Life at 5 Corners on the North Shore of Maui

Five Corners – Ulumalu Rd., Upper Ulumalu Rd., Peahi Rd., Kaupakalua Rd (2) – Haiku, Maui

Living at five corners in Haiku has always been a colorful life. When I first moved to Maui in 1978, I used to get frustrated when driving up narrow Ulumalu Rd. and running in to a couple of locals, parked side by side, chatting, or “talking story” as known locally. Usually, it would be on a slow Saturday when we were headed up to Hanzawa’s Store to get gas for the lawn mower and beer.

After a while, you got to know most of the locals and started doing the same when you approached them. Talking about kids, family, or just the weather is still a way of life at Five Corners. When I see bumper stickers that say, “slow down, this ain’t the mainland,” it reminds of why I left California, and still live in the same house on Ulumalu Rd. that I moved to 33 years ago.

Local author, Paul Wood, wrote a column in the Maui News for years called, “Four Wheels, Five Corners” that would talk about the roadside encounters, which became the Peahi version of the “coconut wireless.” If you wanted to know where the Jacintho’s baby luau was being held, you stopped somebody in the road. You always ended up with a lot more information than you needed. Paul’s versions are hilarious and I am not sure they are still in print, but Paul is still on the radio at Mana’o Radio on Maui, Tuesday 2 to 5 P.M. Perhaps we might be able to find some copies: paulwood@manaoradio.com.

If you are thinking of an area that retains a lot of that old Maui feel, Five Corners at Peahi is one of those spots. Rural in character, you still encounter horses in the road. On Sundays, you have to stop for the horse trailers going to the arena at the old Peahi School site known as the Kaupakalua Roping Club. Lots of big name surfers and windsurfers hide in the jungle because they like to live in close proximity to Peahi Bay, also known as “Jaws.”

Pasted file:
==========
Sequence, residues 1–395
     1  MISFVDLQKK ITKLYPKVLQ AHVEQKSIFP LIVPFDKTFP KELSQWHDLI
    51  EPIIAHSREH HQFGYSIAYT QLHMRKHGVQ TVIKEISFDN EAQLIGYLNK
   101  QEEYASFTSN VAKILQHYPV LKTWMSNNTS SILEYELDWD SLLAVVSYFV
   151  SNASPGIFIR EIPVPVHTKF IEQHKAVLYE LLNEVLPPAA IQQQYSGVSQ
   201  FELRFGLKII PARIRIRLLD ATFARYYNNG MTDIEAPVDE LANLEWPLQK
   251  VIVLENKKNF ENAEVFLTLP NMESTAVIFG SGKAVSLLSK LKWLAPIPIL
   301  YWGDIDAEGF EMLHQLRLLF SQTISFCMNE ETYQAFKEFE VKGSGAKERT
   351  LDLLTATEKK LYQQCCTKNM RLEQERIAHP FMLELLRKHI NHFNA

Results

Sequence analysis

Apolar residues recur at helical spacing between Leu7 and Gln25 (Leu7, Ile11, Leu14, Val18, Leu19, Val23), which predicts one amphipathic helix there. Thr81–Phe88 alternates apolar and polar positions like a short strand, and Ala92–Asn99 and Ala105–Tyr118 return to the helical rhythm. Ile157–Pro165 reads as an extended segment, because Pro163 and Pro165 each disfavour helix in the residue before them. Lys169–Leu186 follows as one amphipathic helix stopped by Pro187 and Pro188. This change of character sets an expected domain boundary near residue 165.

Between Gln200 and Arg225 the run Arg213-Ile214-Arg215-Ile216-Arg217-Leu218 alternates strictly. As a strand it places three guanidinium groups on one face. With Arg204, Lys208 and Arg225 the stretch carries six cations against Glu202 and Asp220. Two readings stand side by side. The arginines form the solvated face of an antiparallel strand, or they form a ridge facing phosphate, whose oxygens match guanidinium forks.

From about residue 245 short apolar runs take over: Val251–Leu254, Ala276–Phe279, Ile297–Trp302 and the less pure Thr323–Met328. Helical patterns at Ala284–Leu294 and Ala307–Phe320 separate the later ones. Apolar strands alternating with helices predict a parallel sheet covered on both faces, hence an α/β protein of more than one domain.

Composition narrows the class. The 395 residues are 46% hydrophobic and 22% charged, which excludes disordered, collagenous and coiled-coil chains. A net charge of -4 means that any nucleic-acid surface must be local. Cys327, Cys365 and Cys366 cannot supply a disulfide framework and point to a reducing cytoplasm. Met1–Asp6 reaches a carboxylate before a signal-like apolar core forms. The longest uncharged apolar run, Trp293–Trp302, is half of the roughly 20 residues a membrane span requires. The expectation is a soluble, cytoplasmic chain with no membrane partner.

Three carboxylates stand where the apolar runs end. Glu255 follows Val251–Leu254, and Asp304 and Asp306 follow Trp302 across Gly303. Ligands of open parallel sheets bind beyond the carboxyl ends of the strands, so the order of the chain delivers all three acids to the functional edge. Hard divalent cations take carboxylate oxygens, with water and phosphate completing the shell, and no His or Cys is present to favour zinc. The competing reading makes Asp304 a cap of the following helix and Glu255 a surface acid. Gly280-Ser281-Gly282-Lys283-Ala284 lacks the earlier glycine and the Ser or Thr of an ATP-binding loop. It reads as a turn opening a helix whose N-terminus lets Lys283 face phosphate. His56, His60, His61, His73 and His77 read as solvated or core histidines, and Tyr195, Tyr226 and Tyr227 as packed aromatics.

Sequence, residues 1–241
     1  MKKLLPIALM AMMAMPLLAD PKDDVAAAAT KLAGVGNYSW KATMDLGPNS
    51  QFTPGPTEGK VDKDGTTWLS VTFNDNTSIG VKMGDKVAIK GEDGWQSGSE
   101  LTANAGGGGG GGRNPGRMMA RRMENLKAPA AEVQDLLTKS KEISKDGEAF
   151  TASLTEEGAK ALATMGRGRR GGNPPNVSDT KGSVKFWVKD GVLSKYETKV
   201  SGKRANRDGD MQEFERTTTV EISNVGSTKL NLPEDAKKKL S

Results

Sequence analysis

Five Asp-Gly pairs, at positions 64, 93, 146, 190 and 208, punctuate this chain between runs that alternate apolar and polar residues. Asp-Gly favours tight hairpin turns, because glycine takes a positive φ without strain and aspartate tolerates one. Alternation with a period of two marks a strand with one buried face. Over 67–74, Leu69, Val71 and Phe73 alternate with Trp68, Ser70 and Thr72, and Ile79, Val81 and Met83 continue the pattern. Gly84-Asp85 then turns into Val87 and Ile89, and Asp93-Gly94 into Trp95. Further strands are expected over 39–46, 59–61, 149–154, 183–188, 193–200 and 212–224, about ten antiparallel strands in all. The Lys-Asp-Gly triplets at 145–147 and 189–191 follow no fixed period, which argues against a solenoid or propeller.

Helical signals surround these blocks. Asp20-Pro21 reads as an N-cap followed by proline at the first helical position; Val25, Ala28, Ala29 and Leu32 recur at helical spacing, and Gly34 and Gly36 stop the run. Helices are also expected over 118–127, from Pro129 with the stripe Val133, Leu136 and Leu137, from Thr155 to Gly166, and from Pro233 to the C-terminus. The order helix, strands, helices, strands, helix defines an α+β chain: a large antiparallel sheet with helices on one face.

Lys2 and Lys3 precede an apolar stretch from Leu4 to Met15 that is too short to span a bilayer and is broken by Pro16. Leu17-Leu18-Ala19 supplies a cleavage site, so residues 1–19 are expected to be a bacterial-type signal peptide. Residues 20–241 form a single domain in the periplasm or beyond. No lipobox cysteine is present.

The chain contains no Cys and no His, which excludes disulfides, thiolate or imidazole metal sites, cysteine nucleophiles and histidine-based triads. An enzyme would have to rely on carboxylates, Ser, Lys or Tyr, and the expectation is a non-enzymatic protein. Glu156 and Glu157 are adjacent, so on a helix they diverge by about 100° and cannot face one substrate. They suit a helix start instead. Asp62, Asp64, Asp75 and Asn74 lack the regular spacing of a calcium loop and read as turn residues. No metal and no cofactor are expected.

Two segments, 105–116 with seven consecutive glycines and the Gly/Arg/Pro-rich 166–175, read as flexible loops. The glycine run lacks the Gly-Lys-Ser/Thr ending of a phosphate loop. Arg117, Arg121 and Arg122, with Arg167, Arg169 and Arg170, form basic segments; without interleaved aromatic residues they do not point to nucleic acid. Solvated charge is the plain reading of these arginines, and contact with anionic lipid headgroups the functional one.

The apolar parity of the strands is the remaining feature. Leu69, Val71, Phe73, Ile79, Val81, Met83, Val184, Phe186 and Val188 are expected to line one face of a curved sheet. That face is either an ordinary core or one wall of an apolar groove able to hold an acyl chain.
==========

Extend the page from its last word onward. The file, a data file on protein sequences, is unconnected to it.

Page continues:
Here is an awesome video my son and business partner, Jeremy, shot of windsurfers at 40 ft. Jaws surf. It is also rumored that many famous musicians and even a few movie stars live in the area, but it is local custom to protect our neighbors privacy. Thus, we don’t share names because they become your neighbors and friends as well, and you often encounter them at Five Corners and they may want to “talk story” too.

Life really has not changed a lot at Five Corners over the past 33 years. The main difference is that now it is my kids talking to their friends, blocking the road, and slowing the old guys down even a little more. That’s fine with me. Here are 10 reasons why life is good on Maui, and slow is better than fast :)

Here are some of my favorite Haiku Homes for sale that are near Five Corners. If you would like more information on these homes including the history on these properties and how they have changed throughout the years, please contact me. Or if you would like to share one of your favorite Five Corner’s stories, I would love to hear from you.

Aloha.

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7 Responses to “Life at 5 Corners on the North Shore of Maui”

  1. Erik Hinshaw
    February 1, 2011 at 2:47 pm #

    Got to get over there and check it out. That sort of feeling is why I settled in Honaunau on the Big Island, more chickens than people. Everyone slows to wave and talk story. The country life in Hawaii is something special.

  2. The Maui Hunter
    February 1, 2011 at 7:11 pm #

    Great story Tracy!

  3. Michael S
    February 2, 2011 at 4:02 pm #

    Very well written Tracy. Living the Haiku lifestyle is really something special. I love the quote from Paul Woods by the way

  4. Mark Leili
    February 17, 2011 at 6:07 am #

    “Four Wheels, Five Corners” is one very funny book. I found some copies online and sent to friends on the mainland. When are we going to surf Tracy’s?

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